In a paper published today in the journal Nature Biotechnology, members of the Molecular Information Systems Laboratory housed at the UW’s Paul G. Allen School of Computer Science & Engineering introduce a new class of reporter proteins that can be directly read by a commercially available nanopore sensing device. The new system ― dubbed “Nanopore-addressable protein Tags Engineered as Reporters,” also known as NanoporeTERs or NTERs for short ― can perform multiplexed detection of protein expression levels from bacterial and human cell cultures far beyond the capacity of existing techniques.
You could say the new system offers a “nanopore-tal” into what is happening inside these complex biological systems where, up until this point, scientists have largely been operating in the dark.
“NanoporeTERs offer a new and richer lexicon for engineered cells to express themselves and shed new light on the factors they are designed to track. They can tell us a lot more about what is happening in their environment all at once,” said co-lead author Nicolas Cardozo, a graduate student in the UW’s molecular engineering Ph.D. program. “We’re essentially making it possible for these cells to ‘talk’ to computers about what’s happening in their surroundings at a new level of detail, scale and efficiency that will enable deeper analysis than what we could do before.”
Conventional methods that employ optical reporter proteins, such as green fluorescent protein (GFP), are limited in the number of distinct genetic outputs that they can track simultaneously due to their overlapping spectral properties. For example, it’s difficult to distinguish between more than three different fluorescent protein colors, limiting multiplexed reporting to a maximum of three outputs. In contrast, NTERs were designed to carry distinct protein “barcodes” composed of strings of amino acids that, when used in combination, enable a degree of multiplexing approaching an order of magnitude more. These synthetic proteins are secreted outside of the cell into the surrounding environment, where they are collected and directly analyzed using a commercially available nanopore array — in this case, the Oxford Nanopore Technologies MinION device. To make nanopore analysis possible, the NTER proteins were engineered with charged “tails” that get pulled into the tiny nanopore sensors by an electric field. Machine learning is then used to classify their electrical signals in order to determine the output levels of each NTER barcode.
“This is a fundamentally new interface between cells and computers,” explained Allen School research professor and corresponding author Jeff Nivala. “One analogy I like to make is that fluorescent protein reporters are like lighthouses, and NanoporeTERs are like messages in a bottle. Lighthouses are really useful for communicating a physical location, as you can literally see where the signal is coming from, but it’s hard to pack more information into that kind of signal. A message in a bottle, on the other hand, can pack a lot of information into a very small vessel, and you can send many of them off to another location to be read. You might lose sight of the precise physical location where the messages were sent, but for many applications that’s not going to be an issue.”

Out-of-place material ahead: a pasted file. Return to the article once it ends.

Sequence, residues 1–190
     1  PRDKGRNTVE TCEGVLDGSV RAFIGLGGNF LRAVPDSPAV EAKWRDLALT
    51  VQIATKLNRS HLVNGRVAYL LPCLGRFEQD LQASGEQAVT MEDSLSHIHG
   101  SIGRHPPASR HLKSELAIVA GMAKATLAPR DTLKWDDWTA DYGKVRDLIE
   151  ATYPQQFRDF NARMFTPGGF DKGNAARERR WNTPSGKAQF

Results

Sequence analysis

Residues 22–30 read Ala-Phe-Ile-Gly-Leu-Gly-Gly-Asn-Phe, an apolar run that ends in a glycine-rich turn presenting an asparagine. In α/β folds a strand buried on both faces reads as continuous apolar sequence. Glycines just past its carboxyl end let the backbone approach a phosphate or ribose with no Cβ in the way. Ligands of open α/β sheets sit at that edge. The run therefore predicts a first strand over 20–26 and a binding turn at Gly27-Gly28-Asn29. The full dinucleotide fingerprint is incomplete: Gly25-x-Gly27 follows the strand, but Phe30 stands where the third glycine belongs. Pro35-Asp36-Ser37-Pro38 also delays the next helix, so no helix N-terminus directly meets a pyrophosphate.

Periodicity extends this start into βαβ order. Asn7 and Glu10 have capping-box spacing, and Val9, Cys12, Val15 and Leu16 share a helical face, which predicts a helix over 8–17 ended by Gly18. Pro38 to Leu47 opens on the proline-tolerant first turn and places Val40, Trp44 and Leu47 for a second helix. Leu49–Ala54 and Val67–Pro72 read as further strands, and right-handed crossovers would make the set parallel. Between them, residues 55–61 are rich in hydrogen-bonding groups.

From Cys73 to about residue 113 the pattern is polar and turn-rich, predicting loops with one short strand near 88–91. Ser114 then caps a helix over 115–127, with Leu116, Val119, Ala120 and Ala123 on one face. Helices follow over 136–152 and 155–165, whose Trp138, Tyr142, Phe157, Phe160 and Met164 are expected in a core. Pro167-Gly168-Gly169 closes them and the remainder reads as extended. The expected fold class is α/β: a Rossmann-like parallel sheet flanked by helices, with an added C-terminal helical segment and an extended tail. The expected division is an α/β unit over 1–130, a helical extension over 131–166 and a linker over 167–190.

Raw nanopore signals streaming from the MinION device, which contains an array of hundreds of nanopore sensors; each color represents data from an individual nanopore. The team uses machine learning to interpret these signals as NanoporeTERs barcodes.
In developing this new, more expressive vessel, Nivala and his colleagues eschewed time-consuming sample preparation or the need for other specialized laboratory equipment to minimize both latency and cost. The NTERs scheme is also highly extensible. As a proof of concept, the team developed a library of more than 20 distinct tags; according to co-lead author Karen Zhang, the potential is significantly greater.
“We are currently working to scale up the number of NTERs to hundreds, thousands, maybe even millions more,” Zhang, who graduated this year from the UW with bachelor’s degrees in biochemistry and microbiology, explained. “The more we have, the more things we can track. We’re particularly excited about the potential in single-cell proteomics, but this could also be a game-changer in terms of our ability to do multiplexed biosensing to diagnose disease and even target therapeutics to specific areas inside the body. And debugging complicated genetic circuit designs would become a whole lot easier and much less time consuming if we could measure the performance of all the components in parallel instead of by trial and error.”
MISL researchers have made novel use of the ONT MinION device before. Allen School alumna Kathryn Doroschak (Ph.D., ‘21), one of the lead co-authors of this paper, was also involved in an earlier project in which she and her teammates developed a molecular tagging system to replace conventional inventory control methods. That system relied on barcodes comprising synthetic strands of DNA that could be decoded on demand using the portable ONT reader. This time, she and her colleagues went a step further in demonstrating how versatile such devices can be.
“This is the first paper to show how a commercial nanopore sensor device can be repurposed for applications other than the DNA and RNA sequencing for which they were originally designed,” explained Doroschak. “This is exciting as a precursor for nanopore technology becoming more accessible and ubiquitous in the future. You can already plug a nanopore device into your cell phone; I could envision someday having a choice of ‘molecular apps’ that will be relatively inexpensive and widely available outside of traditional genomics.”
Read the original article on University of Washington.